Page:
Thursday, 2 October 2014

The bull, the cow, the rhythm and the dancing

RomaEuropa Festival, Auditorium della Conciliazione, Rome, 25 September 2014, h 21

Khan and Galván, photo Jean Louis Fernandez.
There is a bull and a cow ('toro' and 'baka' in the title), there is violence and peace, there is flamenco and kathak and there is a bit of Spain and a bit of India in Israel Galván and AkramKhan’ Torobaka that opened the Romaeuropa Festival 2014. Stereotypically Spain is associated with flamenco and bulls as India is with kathak and cows, but this piece is a lot more than that, it is entering a dimension where excellence, irony, intensity, confrontation and rhythm mix in a superb performance.

To begin with, Spanish dancer and choreographer Galván’s flamenco is and is not flamenco, it is rather a remarkable style that deconstructs it from the inside, breaking its lines and bringing its percussive nature to an almost airborne level. Then, in his thought-provoking choreographic work, Khan’s kathak is reinvented and mingled with contemporary dance, giving a sense of rootedness and three-dimensional quality to the moving body.

It goes without saying that the departing images have already been s/mashed and overturned, because Torobaka is about meeting the Other and is also about going beyond that, going beyond symbols and stereotypes to reach the pulsating rhythm we all live in. Shall we call it a duet? Galván and Khan are the two only dancers onstage and they do interact a lot, but the term ‘duet’ only makes sense if we multiply it, if we turn it into a layered series of others that play a fundamental role in the piece: I am referring to the two musicians, Bobote and B. C. Manjunath, the two singers Davide Azurza and Christine Leboutte and to rhythm and sound production.

The piece is made of various sections and takes place on a stage which is for most of its part covered by a circular platform surrounded by the musicians and the singers. At the beginning, Galván and Khan are both barefoot and confront each other, exploring space and sound. They both wear the same costume, a tunic that recalls kathak and tight trousers that can be associated with flamenco. Perfect is the ‘dialogue’ between Galván’s feet articulation and Manjunath’s percussion.

Azurza, Galván, Leboutte, photo Jean Louis Fernandez.
Then Galván puts his flamenco shoes on and performs a solo outside the circle, front-stage right, with a microphone. Again Manjunath is his alter ego, playing with his movements as Galván plays with Manjunath's vocal sounds. Irony is a key feature in Galván’s dancing, irresistible is the moment when he points his finger upwards exclaiming “E.T. phone home”. This is flamenco with a bit of comic relief! When he performs a zapateado (flamenco footwork) inside Khan’s kathak set of bells, we know a change of scenery is going to occur and Khan is going to appear.

In the third section, Khan is down to the floor with a pair of flamenco white shoes on his hands. He plays them against the stage floor, against each other alternating their sound with the one produced by his knees and head. It is as if sound ran through his body and could be created by everything he has or is. Instead of Galván’s irony here we have a profound movement density, even when he entertains a ‘dialogue’ with Bobote, who takes the flamenco shoes from his hands, throws them into the wings and starts playing las palmas (flamenco hand clapping) provoking Khan to respond. And Khan sits down on a chair and dances a seated dance.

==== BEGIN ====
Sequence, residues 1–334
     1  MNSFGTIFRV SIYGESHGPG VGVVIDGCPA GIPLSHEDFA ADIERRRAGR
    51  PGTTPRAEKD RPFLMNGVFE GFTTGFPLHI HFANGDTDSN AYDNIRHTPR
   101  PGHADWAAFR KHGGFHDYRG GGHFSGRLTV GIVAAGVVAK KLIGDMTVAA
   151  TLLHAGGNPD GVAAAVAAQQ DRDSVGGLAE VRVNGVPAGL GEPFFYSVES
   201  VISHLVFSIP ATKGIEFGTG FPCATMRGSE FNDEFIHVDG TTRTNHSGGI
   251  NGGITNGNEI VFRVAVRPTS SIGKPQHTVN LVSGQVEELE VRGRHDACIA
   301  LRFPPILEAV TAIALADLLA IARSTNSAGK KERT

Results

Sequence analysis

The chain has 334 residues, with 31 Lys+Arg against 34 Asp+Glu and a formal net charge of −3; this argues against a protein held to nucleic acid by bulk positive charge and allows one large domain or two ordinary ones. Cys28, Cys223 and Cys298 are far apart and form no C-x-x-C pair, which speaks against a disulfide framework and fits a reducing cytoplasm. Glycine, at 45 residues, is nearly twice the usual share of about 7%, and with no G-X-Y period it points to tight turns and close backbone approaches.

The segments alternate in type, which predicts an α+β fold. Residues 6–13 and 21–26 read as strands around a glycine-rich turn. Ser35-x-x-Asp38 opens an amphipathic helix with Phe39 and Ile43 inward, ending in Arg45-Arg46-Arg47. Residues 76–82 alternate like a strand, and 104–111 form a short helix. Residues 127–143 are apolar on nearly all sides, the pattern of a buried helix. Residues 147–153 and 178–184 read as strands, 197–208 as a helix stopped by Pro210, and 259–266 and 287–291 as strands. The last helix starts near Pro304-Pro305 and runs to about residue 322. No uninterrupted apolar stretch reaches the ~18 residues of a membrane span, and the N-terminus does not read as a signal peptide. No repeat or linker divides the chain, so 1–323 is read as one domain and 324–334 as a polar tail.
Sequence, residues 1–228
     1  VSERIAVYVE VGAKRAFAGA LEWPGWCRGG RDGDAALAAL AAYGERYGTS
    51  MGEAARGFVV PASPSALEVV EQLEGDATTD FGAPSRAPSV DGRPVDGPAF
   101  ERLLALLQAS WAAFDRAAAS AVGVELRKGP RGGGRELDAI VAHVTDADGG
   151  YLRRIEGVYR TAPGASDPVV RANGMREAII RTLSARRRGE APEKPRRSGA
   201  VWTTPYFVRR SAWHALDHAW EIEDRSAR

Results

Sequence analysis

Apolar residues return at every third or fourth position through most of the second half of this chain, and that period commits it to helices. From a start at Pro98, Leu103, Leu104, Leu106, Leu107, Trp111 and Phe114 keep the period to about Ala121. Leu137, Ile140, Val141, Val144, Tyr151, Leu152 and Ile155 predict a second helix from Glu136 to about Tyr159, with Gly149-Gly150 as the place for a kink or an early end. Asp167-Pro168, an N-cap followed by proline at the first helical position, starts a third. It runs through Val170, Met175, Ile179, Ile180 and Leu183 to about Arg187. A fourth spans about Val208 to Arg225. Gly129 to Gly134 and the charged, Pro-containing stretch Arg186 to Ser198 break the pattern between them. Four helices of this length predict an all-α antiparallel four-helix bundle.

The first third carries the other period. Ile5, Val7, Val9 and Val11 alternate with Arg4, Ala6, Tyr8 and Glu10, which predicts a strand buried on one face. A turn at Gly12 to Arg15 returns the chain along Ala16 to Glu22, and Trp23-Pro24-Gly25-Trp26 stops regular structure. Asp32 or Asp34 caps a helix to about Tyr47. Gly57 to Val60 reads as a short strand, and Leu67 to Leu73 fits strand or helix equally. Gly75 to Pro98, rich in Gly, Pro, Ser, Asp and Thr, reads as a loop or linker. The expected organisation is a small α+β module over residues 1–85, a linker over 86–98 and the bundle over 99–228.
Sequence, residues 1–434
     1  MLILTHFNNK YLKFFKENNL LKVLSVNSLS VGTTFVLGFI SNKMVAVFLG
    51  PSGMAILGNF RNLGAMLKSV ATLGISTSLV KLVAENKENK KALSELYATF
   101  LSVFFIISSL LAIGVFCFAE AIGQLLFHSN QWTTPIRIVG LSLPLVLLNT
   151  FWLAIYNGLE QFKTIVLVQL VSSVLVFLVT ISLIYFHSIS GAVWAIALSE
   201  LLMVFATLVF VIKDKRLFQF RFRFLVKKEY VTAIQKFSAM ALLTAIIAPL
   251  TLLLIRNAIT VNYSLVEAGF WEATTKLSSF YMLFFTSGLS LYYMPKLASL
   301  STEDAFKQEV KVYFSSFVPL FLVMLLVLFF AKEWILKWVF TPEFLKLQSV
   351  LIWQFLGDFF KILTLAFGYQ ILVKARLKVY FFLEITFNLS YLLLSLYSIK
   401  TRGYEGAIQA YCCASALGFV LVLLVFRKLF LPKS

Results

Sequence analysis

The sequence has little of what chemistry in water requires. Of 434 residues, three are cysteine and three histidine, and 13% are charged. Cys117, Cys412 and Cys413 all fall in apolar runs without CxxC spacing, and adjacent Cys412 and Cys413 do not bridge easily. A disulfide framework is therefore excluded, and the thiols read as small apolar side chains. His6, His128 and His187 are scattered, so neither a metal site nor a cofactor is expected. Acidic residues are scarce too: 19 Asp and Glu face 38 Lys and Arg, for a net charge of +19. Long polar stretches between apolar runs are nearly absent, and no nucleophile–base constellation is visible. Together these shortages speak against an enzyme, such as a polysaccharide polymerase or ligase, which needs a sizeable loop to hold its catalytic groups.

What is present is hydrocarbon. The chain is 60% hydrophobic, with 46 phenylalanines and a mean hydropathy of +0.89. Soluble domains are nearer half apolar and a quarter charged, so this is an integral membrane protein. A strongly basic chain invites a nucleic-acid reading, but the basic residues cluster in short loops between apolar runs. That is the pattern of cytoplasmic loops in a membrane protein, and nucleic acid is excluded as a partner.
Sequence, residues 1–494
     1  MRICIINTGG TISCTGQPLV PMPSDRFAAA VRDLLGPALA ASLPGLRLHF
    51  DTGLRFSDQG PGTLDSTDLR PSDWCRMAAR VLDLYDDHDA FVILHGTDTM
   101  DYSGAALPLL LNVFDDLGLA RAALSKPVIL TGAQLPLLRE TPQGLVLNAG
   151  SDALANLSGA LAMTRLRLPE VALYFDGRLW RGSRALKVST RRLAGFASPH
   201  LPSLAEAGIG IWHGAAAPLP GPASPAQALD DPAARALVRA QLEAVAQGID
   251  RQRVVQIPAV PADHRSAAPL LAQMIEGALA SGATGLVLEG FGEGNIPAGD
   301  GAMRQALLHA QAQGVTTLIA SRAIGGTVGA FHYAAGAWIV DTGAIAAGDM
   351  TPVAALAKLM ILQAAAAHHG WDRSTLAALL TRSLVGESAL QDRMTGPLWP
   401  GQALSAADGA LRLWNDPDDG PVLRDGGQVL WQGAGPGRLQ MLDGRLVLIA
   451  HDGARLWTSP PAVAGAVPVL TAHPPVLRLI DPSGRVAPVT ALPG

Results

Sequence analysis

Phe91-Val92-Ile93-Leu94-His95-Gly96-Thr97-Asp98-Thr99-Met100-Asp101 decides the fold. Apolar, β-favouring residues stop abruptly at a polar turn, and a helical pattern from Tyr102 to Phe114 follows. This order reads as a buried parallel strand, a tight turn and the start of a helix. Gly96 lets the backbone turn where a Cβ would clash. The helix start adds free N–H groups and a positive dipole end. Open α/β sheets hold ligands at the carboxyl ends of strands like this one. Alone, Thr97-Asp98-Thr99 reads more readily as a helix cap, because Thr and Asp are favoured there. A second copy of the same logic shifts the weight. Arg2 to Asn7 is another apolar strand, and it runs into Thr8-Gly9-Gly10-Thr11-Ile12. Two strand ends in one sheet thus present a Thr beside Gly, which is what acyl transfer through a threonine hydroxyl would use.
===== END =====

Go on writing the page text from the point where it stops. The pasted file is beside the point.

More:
After this, singers and musicians take the stage in a beautiful ensemble. Singers Azurza and Laboutte are phenomenal throughout the whole piece, singing songs from as different traditions as Italy and Spain. On some occasions their chanting seems to slow the dancing down, creating an unusual unbalance, but their bravura is impeccable for the aural background of the two performers.

The last section is an explosion of movement, sound and rhythm with Khan particularly in tune with Manjunath’s percussion, Khan's ghungru (ankle bells) reverberating throughout the entire theatre.
Rhythm is one key element in this work, a common ground for both dancers to move and investigate choreographic patterns. Historically speaking, it is difficult to trace a clear path connecting flamenco to kathak, but, according to some, gypsies left India and travelled through the Middle-East and Europe until some of them arrived in Spain. In this sense, a beautiful film documentary comes to mind, Tony Gatlif’s Lacho Drom (1993) where there is very little dialogue as the main role is played by the rhythm of music and dancing.
Khan, photo Jean Louis Fernandez.
As it often happens, we find out that what or who we considered to be the Other is much more similar to us than we thought, it is an animal we may like, a person we become fond of. In Torobaka two types of gestures remained in my mind recalling me that, the joined hands both Galván and Khan recurrently perform pointing them downward towards the floor/earth from which so much of their energetic rhythm comes, and their hugging and touching which testify to their artistic bond. According to Galván one has to kill the audience before the audience kills you, that is his peculiar motto which testifies to the violent, aggressive element inherent in flamenco, while to Khan dance is like an offer, a gift one donates to the audience, as the cow donates milk to the world in Hindu religion. Again the bull and the cow, violence and peace, and in Torobaka dance is definitely a gift so exquisite it can virtually kill.

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